In two pre-Olympic articles, I commented on refereeing. First I noted that the group of referees nominated for London was almost completely lacking in Olympic experience, and then I previewed the issues and instructions that would need to be discussed with the Olympic handball referees to get them to maintain a correct and uniform line. It now seems inevitable that I offer some comments on my observations and evaluation.
Although I watched, through high-quality TV broadcasts or live streaming, 49 complete games and 15 at least half games (making me miss only 12 games of 76), which provides me with a very solid basis, it is of course conceivable that the official IHF evaluation will differ somewhat from my own informal effort. But I am reassured to know that the IHF Referee Commission, strongly supported by the Coaching and Methods Commission, has collected a wealth of information to be able to come up with a solid analysis in due course.
I noted in my article about the nominated group of referees that this is group that I have reason to trust as a serious and honest team, who will do their utmost to handle the games with integrity and to protect their own reputation as unbiased officials. Nothing that I saw from London makes me modify that evaluation in the slightest. To the extent that, in some games, the refereeing may have given the impression of being a bit lop-sided, it was more a result of an inability to recognize, in that particular game, that one of the two teams was much more cynical than the other, in terms of acting outside the rules. And if they did not get caught, some unfairness may have been created.
From a technical standpoint, it was clear that the areas of emphasis, which the referees heard about from the IHF before the start of the event, and which were basically also the ones that I commented on a month ago, were indeed the ones creating the main challenges during the Olympics. This is obviously not because the referees ‘refused to listen’; it simply confirms that there are some specific aspects of the game that always tend to be the more difficult ones and that, despite the reminder and the support from the IHF, these will still be the ones that cause problems and lead to criticism.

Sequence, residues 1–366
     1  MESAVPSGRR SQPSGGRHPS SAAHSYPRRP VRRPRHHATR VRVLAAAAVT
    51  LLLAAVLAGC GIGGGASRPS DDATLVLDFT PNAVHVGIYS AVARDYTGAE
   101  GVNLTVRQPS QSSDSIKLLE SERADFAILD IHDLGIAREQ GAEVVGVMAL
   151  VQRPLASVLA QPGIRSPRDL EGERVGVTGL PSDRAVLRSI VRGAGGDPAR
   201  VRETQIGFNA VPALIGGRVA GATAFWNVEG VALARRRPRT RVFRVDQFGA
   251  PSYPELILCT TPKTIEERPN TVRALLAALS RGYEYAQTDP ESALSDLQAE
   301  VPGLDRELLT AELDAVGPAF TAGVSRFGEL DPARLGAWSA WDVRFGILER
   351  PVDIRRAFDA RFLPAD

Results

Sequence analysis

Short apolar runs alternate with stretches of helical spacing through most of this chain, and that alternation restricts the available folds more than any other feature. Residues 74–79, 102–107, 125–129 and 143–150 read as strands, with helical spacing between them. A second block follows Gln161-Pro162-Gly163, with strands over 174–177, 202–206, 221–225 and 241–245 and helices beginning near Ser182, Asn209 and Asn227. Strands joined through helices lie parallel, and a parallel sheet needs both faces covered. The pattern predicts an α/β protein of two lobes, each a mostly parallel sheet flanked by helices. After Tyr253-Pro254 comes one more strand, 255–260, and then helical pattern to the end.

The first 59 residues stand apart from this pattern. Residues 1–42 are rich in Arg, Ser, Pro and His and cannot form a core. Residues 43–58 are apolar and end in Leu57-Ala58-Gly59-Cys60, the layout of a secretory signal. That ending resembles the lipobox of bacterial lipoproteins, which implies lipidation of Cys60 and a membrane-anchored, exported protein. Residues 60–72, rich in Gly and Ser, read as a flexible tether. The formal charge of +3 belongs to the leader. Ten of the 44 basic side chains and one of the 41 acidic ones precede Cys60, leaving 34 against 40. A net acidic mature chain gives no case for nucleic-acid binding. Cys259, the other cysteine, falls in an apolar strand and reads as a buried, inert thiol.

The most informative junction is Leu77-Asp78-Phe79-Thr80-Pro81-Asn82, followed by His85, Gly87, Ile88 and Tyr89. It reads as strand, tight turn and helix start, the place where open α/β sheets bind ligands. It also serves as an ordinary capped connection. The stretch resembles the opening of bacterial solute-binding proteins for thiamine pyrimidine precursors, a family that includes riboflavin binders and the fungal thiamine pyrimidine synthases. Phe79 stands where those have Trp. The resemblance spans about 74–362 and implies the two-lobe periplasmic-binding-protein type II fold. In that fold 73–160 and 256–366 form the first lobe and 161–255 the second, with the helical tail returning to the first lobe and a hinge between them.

It may be frustrating to point it out, but the key issue was most likely the frequently shifting line in individual punishments. There were tendencies to differences between referee couples, but also for the same couple from one game to the next. Even more awkwardly, there was a general trend towards more leniency as we moved toward the later stages of the event and, similarly, the referees sometimes became too soft and ‘diplomatic’ during the critical final stage of a game. Also, direct 2-minute suspensions and direct ‘red cards’ were used too sparingly.
In many games it seemed that the players on the offense could do nothing wrong, as almost all the decisions went against the defenders. And unfortunately, this did not quite match the reality, so it led instead to an escalation of the methods by the desperate defenders. But in individual games, it was suddenly turned around so that all the attention seemed to be on infringements by the attackers. Of course, this tended to cause confusion.
As so often in the past, many of the problem situations occurred around the 6-meter line. Often this was in the sense that a ‘wrestling’ or ‘shoving’ match was taking place, without any action from the referees. And another issue involved the well-known trend of ‘detecting’ defenders inside the goal-area and awarding a 7-meter-throw, even when this was not really the situation. It would be a major break-through if, one day, one could get a consistently more accurate observation by the referees about this.
And the final realization was that too many of our top referees are not used to, and comfortable with, refereeing women’s matches. So precisely in the Olympic Games, which is the only time when we have simultaneous men’s and women’s competition, it was noticeable that the judgment of body contact in the women’s games often was flawed or at least inconsistent.
This year’s Olympic handball tournaments may not have been of the absolute top level that one might have hoped. But the speed, dynamics and physicality were nevertheless sufficient to make observers begin to wonder if we have reached the stage where it is beyond the capacity of TWO pairs of eyes to register everything that is happening on the court. Or alternatively, what are the scientific methods that have not yet been tried, in the area of helping the referees to maintain the concentration, focus, recognition and interpretation that is needed?
More generally, most of the referees in London will also by appearing in the Men’s World Championship in just five months time. On the basis of the observations now made, will the IHF, in collaboration with the continental federations, be able to apply the resources needed to follow these referees in the meantime, offering feedback, mentoring and practical advice? As I have commented, these referees are not ‘beginners’, but they also are not ‘ready’ in the sense that can be left to their own devices. They constitute a key resource for our elite handball, who need and deserve constant support and nurturing!